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Yoga for Cramps

Tree pose in the woods

Yoga can be practiced anywhere

Do you know the feeling of toes rigidly curling up and would not release or the calf muscle pains and you have to jump out of bed, walk a bit before returning to bed?

My students (just like me) are over the age of 50. In class sometimes students get a cramp, generally in the foot (toes) or legs (calves).

Cramp is a painful, involuntary contracting (shortening) of part or all of a muscle, or several muscles in a group.

Cramps of the extremities, especially the legs and feet, and most particularly the calf, are extremely common. Other common areas for muscle cramps include: back and front of the thigh, hands, arms, abdomen, and rib cage muscles.

The actual cause cramps in the legs and feet is not known, but it may be caused by conditions or activities such as overuse of muscles, dehydration, nerve compression, mineral deficiency and cold weather.

Foot cramps are more common in older adults and sometimes they happen at night. Nerves and muscles can wear out as aging occurs, causing cramping. Stretching, staying active, and eating a nutritious diet can help older adults prevent leg cramps.
People of any age who lead a sedentary lifestyle are also at higher risk for leg and foot cramps.

I would like to share my favourite poses which – if practiced regularly will significantly reduce cramps and will strengthen your ankles as well. These poses (as yoga in general) can be practiced almost anywhere. The photos were taken on a recent trip to the Wollomombi area of North/West New South Wales.

Raising both heels:

Ankle ~ standing on toes

Start with standing tall in the mountain pose. Keep the spine erect, chin parallel to the ground. Roll the shoulders back, bring the shoulder blades in and left the chest.

If you can keep your ankles together and come up on your toes. Release and bring the heels back to the ground. This is one cycle. Repeat fifteen times. It is recommended to do three sets in a day.  This pose will strengthen the ankles and the muscles in the sole of your feet and in the toes.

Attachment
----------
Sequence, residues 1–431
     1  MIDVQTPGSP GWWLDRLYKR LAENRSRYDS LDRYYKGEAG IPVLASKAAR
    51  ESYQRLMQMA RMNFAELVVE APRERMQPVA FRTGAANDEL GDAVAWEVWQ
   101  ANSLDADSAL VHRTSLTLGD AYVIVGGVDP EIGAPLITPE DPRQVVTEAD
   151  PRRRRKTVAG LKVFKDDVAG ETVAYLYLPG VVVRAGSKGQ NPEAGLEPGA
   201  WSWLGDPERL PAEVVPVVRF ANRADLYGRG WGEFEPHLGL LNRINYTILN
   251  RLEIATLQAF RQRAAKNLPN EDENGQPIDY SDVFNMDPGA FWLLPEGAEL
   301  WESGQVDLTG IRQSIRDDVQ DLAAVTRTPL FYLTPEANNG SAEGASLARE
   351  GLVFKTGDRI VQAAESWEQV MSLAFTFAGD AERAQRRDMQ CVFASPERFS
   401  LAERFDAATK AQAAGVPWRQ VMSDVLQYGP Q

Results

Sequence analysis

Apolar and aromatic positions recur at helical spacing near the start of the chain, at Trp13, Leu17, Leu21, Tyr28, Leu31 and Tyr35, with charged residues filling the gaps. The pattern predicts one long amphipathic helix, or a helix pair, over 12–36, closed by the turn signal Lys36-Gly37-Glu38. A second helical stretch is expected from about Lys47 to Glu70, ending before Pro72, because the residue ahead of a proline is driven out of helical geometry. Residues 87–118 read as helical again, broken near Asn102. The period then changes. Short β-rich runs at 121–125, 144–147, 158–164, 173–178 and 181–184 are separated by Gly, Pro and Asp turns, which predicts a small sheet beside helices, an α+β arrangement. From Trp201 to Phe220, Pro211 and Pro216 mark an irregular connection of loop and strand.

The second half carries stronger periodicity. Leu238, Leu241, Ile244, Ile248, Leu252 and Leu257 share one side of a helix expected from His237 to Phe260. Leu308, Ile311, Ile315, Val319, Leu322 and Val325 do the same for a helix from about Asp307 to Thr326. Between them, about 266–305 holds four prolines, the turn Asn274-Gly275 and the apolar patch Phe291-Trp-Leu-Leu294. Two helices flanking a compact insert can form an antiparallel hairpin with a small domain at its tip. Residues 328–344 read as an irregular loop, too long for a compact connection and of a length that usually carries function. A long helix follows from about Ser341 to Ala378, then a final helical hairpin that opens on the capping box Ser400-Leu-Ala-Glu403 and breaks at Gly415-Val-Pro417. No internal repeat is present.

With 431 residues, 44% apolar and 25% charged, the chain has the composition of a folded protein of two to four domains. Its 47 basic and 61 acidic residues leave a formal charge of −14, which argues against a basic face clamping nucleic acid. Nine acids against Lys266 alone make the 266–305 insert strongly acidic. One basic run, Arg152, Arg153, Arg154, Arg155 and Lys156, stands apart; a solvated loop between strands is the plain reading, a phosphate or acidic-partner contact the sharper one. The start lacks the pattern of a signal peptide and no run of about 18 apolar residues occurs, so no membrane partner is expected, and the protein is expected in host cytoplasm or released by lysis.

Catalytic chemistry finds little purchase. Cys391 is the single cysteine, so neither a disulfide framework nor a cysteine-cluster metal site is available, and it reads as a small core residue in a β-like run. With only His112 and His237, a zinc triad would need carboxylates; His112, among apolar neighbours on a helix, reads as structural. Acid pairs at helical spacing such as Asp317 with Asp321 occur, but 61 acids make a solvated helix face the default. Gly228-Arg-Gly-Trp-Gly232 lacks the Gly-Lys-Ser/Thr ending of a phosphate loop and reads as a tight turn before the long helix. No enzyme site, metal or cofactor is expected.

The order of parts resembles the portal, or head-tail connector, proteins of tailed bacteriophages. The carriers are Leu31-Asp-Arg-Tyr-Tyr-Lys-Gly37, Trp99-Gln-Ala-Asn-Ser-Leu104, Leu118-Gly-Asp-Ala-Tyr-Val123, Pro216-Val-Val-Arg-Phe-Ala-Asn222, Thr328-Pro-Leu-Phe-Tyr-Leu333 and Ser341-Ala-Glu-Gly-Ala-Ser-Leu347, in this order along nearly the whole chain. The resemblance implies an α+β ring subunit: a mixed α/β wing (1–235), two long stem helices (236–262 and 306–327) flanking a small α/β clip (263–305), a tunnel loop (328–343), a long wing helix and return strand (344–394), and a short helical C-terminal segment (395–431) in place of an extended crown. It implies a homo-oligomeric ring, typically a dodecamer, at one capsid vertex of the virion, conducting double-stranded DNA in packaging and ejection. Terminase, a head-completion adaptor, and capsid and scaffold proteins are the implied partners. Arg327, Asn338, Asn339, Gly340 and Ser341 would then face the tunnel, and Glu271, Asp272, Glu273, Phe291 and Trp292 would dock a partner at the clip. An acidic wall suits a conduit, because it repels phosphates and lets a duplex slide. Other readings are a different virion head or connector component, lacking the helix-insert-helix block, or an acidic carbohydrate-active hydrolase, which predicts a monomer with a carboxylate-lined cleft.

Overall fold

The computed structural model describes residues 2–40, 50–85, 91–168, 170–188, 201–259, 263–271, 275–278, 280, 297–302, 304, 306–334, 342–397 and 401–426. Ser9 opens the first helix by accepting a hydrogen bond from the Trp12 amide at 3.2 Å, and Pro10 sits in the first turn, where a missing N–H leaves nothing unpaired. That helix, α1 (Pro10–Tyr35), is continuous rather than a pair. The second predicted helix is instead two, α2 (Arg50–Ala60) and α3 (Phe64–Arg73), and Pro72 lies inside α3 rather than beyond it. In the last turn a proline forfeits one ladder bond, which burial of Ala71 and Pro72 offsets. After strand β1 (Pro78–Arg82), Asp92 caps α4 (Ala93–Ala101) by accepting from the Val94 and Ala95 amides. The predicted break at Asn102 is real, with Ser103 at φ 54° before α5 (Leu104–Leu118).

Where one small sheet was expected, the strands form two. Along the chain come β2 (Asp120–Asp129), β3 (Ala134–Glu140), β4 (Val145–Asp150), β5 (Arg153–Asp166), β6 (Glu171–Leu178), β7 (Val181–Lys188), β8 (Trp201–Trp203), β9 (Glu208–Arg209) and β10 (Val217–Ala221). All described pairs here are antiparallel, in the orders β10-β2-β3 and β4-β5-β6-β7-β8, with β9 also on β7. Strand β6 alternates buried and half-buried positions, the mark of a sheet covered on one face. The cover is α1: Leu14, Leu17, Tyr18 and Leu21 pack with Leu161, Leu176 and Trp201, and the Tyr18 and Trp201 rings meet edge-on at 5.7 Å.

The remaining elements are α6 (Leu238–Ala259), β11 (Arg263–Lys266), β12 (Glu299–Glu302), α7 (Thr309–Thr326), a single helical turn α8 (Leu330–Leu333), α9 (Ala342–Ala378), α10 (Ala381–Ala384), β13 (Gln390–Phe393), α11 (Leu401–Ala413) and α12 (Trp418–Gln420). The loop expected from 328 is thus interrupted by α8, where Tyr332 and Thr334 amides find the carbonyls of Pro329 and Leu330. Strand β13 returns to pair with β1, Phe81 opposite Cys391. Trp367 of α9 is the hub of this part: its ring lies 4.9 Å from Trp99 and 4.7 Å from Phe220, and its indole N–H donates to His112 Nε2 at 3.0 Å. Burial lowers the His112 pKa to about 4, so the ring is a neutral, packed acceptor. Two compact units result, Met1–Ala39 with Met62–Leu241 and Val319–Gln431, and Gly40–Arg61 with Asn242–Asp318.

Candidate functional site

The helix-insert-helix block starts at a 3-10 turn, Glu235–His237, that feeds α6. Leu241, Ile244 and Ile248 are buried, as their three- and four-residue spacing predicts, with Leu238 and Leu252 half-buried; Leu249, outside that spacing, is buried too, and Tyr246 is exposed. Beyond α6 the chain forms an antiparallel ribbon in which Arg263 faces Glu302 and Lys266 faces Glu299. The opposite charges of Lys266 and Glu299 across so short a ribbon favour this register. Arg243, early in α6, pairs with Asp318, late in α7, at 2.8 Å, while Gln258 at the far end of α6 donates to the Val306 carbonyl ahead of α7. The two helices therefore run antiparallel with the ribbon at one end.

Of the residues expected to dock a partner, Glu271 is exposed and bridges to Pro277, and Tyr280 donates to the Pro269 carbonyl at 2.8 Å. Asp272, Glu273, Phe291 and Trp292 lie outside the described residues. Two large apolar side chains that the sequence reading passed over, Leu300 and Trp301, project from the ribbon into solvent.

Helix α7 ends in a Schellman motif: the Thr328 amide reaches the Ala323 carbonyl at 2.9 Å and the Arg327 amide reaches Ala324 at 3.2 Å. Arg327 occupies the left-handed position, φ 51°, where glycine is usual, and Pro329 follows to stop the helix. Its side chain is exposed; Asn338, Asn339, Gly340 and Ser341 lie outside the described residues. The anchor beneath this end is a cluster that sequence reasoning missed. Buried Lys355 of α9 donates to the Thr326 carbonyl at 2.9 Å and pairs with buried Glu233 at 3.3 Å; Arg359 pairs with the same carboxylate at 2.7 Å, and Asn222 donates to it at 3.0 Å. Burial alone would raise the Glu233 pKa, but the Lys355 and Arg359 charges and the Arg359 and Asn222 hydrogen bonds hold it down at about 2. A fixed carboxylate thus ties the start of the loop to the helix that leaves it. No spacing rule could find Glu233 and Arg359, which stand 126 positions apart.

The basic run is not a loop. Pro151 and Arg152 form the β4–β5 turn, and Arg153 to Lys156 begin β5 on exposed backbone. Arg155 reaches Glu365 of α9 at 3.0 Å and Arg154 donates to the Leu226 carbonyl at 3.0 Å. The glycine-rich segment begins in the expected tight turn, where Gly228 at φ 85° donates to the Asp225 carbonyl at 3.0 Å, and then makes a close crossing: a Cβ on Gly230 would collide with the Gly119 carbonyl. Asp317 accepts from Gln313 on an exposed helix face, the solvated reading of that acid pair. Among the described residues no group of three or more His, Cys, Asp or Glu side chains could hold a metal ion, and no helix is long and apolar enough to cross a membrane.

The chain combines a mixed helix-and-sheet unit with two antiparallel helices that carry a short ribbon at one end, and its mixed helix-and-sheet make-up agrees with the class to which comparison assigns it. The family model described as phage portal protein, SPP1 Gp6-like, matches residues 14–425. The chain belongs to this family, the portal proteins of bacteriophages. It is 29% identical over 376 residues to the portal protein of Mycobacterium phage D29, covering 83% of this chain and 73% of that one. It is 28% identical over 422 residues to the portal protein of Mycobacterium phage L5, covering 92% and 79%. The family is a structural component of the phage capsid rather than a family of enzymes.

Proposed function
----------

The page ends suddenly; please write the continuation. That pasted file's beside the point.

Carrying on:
Releasing one heel:

Release one heel

Come up on your toes (as in previous pose) and release one heel to the ground. Raise the heel so now both heels are off the ground. Release the other heel then raise it. This is one cycle. Repeat it ten times, several times a day.

Stretching the calves:

Calf stretch~one leg straight

Part one:
Place the toes of one foot against the wall or a solid structure. Have your hands on the wall or a solid structure. Keep the front leg bent, shin vertical. Step back with the other leg to a distance where the ankle is on the ground. Do not bring the foot across our midline, try to keep the foot in line with the hip. Feel the stretch in calf. Keep your back straight (take in your spinal processors), chest open and shoulder are wide. Hold it for say 10 cycles of your breath, i.e. one inhalation and one exhalation are one cycle.

Calf and ankle stretch

Part two:
Keep the front leg as it and step forward with the other leg. This will bend both of your ankle. Stay in the pose for 10 cycles of your breath. This variation will also strengthen your ankles, good for bushwalkers going down the hill.
Repeat on the other side (i.e. have the other foot at front).

I hope regular practice of these poses will help you to manage the cramps.

Mary